Distributor Won't Go in, 351M Ford

I have a 351M Ford truck engine.
I'm replacing the distributor* (which is the one vacuum-advance type). I removed the old distributor, and now I'm trying to insert the new one.
That's the problem. The new one won't go in. And I can't even re-insert the old distributor, even with the gear removed.
I can't tell what the distributor is getting hung up on, but I suspect the shaft is not seating properly on the hex shaft that comes up from the oil pump. Or maybe the hex shaft is supposed to seat in something itself.
Has anyone had this problem and worked his or her way out?
* The truck wasn't giving much power and acting like it was out of time, but it wasn't. When I removed the old distributor, I could see the gear at the bottom was loose; the roll pin holding the gear in place was broken and only half there.
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* Nehmo Sergheyev *
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You are right the hex shaft is not lining up, you will have tp turn the engine over while you are installing the dist. If the rotor does not line up where you want, pull the dist just enough to back the gear a notch, The dist cap clips sometimes get in the wrong position.
Now if some one would help me out with my steering coloum question befor the week end closes I would be grateful.
ttys Gill

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On Fri, 02 Jul 2004 23:12:28 -0700, Gill Elmgren rearranged some electrons to form:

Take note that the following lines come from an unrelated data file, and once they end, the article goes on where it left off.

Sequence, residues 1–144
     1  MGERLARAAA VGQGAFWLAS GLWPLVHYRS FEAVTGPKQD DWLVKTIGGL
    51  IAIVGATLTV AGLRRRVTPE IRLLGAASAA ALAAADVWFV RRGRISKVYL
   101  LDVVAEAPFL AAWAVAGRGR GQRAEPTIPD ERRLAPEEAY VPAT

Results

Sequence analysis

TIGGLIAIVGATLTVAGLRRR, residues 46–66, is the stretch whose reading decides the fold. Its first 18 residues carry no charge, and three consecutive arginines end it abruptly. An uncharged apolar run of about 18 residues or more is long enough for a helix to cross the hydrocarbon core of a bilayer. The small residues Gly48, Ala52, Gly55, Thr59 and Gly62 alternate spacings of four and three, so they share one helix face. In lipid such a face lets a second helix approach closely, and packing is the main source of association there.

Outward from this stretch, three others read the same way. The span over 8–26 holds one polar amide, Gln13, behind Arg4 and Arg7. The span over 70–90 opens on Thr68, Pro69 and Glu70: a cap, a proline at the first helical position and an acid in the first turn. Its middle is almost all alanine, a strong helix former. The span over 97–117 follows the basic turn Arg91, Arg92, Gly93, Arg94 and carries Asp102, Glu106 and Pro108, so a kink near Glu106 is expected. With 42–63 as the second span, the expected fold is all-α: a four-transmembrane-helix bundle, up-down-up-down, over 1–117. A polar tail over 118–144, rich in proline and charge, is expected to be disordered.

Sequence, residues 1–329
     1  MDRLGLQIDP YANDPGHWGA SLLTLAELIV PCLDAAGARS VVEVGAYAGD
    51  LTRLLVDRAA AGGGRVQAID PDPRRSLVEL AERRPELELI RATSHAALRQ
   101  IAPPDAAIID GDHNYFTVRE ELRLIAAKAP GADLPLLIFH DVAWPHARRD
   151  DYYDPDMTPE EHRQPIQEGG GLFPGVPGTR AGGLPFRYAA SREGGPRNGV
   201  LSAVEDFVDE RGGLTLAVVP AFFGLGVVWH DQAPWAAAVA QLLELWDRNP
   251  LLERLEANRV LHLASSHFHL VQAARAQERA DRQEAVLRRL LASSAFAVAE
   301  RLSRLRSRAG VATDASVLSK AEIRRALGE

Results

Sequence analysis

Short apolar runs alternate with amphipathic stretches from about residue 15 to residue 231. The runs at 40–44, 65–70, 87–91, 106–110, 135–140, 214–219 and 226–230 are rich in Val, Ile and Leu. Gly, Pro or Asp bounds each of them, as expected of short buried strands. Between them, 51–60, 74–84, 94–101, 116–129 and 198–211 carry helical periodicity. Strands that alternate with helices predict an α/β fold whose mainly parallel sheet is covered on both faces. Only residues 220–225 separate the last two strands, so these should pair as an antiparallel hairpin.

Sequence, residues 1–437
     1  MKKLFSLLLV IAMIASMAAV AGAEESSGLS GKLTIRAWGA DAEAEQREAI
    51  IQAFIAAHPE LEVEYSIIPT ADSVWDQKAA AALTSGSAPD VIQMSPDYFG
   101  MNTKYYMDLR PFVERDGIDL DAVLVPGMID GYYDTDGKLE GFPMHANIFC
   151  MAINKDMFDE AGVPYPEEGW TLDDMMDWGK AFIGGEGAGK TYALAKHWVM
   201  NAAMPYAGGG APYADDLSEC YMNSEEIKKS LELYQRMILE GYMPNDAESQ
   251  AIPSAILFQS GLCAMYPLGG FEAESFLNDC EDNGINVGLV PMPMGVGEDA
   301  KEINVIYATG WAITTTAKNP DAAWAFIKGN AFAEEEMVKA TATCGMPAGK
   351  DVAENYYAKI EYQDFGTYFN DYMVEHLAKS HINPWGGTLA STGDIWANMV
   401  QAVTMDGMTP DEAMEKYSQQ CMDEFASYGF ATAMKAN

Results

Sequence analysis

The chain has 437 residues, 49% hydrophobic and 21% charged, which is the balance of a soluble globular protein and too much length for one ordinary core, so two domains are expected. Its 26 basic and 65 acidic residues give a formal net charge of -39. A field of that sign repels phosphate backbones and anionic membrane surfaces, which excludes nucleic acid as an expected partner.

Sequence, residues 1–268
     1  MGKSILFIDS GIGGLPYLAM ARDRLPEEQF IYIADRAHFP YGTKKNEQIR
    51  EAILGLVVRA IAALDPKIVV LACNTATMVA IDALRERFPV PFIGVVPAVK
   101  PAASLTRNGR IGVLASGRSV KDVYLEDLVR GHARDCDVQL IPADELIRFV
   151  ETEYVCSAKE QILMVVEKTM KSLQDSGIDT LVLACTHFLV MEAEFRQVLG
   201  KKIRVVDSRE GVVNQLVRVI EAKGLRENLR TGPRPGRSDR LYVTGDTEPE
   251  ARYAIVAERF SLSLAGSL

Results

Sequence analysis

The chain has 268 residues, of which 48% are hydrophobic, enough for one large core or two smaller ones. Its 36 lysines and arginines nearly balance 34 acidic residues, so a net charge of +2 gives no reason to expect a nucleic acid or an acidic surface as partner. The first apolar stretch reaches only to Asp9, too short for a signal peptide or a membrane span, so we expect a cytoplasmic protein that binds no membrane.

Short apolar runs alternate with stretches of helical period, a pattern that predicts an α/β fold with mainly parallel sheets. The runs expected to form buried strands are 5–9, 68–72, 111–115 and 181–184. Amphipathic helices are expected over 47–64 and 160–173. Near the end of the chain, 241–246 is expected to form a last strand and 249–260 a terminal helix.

DON'T turn the engine with the distributor out. The dist. shaft drives the oil pump. Pull the hext shaft out, get an appropriate sized socket (not sure what size itis on the 351M) and a long extension, and turn the oil pump drive a little, put the hex shaft back in, drop in the distributor, repeat until it seats all the way down.
PS don't drop the socket or you will have to remove the oil pan to get it out.
PS don't forget to re-install the hex shaft or the oil pump won't turn.

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David M (dmacchiarolo)
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On Sat, 03 Jul 2004 11:11:49 GMT, "David M"

Whatever you do, don't even think about pulling that shaft out. It has a clip on it that ensures that it does not inadvertantly disengage from the oil pump when you remove the distrinutor in which case the pan will have to come off. Make sure the cap clips are up when you try to insert the distributor with the cap off. Sometimes, just a back and forth wiggle of the rotor will align it enough to slip in. Sometimes, you have to use the starter to bump the engine over a bit for it to align. A light tap on the distributor shaft with the wood handle of a hammer is just enough. If the distributor is in the wrong position for proper timing when it goes in, you may have to back up or advance the position of the rotor before inserting it again until you get it in the correct position - trial and error until you have done it a couple of times.